MAP: nature isn’t “a type of material available to humans to correct their imperfections and fulfil their desires”

Publié le 18 Jul, 2016

Standing before the signatories of the manifesto signed by 130 doctors who admit to “practising medically assisted procreation outside the confines of the law”, Professor René Frydman, “calls for a consistent approach in our country regarding all those who have clearly opened the floodgates by practising medically assisted procreation”. In response to those who claim that humans “are experimenting too much with the laws of nature”, René Frydman stated that, “medicine has always experimented with the laws of nature because if nature was that good, there would be no need for medicine”.


Bruno Couillaud, Doctor of Philosophy took up this response, commenting that, “nature appears to be a kind of material available to humans to correct their imperfections and fulfil their desires”. In fact, medicine “does not correct nature, just the defects that nature allows to slip through the net, the origins of which are sometimes a mystery” – sometimes only because “these defects are, at times, due to the defects of humans themselves in terms of their imperfect mastery of nature or similarly imperfect know-how”. Medicine also covers the consequences of human errors and even “the perverse effects of its own action”.


Viruses, new diseases and catastrophes play a minor role in nature “because, in most cases, nature succeeds and reaches its goal. It’s there to show us what is right and this is why it has its laws”, explained Bruno Couillaud. This is why “medicine has never assisted man against its will. We cannot correct ‘mistakes’ in nature by flouting the laws of nature, because there is more in nature than in our science and our imperfect powers”.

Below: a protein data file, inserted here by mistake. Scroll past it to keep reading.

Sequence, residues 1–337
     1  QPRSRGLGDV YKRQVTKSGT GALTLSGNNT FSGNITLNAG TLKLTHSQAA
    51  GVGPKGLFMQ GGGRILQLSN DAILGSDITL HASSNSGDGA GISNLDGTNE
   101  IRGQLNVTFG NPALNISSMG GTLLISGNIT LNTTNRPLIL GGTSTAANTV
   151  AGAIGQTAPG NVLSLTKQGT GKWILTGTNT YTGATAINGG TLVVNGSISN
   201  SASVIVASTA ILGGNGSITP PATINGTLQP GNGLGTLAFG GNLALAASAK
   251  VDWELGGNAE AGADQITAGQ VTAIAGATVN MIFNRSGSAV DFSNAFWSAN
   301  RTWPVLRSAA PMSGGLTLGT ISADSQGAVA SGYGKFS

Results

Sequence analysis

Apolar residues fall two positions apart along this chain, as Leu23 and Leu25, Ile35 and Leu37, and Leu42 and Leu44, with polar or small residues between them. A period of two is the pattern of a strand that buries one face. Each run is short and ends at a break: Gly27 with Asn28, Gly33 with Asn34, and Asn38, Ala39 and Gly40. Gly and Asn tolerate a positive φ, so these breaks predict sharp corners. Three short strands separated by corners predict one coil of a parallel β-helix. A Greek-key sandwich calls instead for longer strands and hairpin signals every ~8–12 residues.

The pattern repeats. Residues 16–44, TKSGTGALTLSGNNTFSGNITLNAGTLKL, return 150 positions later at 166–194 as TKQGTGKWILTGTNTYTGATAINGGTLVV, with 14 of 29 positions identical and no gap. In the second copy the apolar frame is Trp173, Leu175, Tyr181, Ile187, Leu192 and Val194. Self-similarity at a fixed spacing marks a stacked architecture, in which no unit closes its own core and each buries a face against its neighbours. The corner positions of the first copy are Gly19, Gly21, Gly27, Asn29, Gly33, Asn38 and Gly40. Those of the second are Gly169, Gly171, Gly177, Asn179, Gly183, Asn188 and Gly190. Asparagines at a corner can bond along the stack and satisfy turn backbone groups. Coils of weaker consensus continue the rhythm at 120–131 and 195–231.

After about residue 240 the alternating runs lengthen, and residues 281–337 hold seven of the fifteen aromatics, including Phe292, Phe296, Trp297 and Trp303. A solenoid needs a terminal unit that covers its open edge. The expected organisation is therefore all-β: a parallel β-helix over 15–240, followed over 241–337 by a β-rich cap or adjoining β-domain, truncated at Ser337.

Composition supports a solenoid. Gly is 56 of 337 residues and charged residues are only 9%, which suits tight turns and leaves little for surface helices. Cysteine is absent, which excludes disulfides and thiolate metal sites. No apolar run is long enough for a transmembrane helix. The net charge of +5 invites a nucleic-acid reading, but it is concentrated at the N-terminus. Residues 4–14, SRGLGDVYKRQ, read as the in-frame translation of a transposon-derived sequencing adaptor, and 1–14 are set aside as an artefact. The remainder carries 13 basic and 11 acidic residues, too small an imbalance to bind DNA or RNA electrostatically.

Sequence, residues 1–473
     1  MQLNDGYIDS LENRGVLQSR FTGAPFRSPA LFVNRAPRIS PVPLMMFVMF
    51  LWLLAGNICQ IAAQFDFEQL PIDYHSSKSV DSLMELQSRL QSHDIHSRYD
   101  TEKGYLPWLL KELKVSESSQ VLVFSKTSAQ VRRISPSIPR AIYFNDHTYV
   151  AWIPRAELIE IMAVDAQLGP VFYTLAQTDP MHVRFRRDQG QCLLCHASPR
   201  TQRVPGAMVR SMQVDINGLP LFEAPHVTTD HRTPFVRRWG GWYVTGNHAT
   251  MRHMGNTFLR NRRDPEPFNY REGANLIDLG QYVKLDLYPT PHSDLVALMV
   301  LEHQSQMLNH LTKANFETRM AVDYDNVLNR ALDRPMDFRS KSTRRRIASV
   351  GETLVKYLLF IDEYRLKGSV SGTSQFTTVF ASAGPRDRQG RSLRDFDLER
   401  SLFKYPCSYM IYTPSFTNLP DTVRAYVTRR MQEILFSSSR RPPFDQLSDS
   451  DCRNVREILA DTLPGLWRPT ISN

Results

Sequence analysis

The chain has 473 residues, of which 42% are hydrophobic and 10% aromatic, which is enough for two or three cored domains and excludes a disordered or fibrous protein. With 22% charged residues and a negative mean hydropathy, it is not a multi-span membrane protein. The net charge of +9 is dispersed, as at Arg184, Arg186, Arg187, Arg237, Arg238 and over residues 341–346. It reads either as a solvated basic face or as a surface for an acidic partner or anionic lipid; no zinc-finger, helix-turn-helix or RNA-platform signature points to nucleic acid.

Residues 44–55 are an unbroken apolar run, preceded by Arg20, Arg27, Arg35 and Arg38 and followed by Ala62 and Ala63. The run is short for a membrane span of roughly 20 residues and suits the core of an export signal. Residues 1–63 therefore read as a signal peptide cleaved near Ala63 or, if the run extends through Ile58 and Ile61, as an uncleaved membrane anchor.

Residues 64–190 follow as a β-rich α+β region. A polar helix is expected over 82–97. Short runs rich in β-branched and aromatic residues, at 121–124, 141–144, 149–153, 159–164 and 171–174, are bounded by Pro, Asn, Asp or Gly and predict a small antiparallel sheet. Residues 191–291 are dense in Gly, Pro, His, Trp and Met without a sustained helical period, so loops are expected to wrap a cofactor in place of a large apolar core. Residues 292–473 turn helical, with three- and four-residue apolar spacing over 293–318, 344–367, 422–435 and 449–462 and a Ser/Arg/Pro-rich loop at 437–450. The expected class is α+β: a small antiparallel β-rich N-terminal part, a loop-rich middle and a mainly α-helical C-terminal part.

Going beyond the laws of nature, Bruno Couillaud also refers to  “a kind of natural law”,which emerges in medicine: “primum non nocere[1], and “calls for treatment to be delivered with respect for human dignity, whether the person is sick, old, infirm, disabled, with few friends or family, or at the developmental stage, like this little person, at the embryo stage, blessed with incredible potential – like us all, on the threshold of our existence”.


The philosopher invited some of the doctors who do not comply with civil law to ask themselves whether they are respecting the ethics behind their professionby asking for the bans on MAP to be lifted, veering away from the principle of precaution and failing to respect the dignity of the tiniest of beings.Because “we still have only a limited insight into MAP practices in general and all of the potential repercussions on germinal cells and embryos when they are punctured, handled, analysed and isolated from their natural environment before being transferred and reimplanted in their elected medium par excellence, or destroyed”.

[1] Translation: “primarily to protect”.

Liberté politique n°70, Bruno Couillaud

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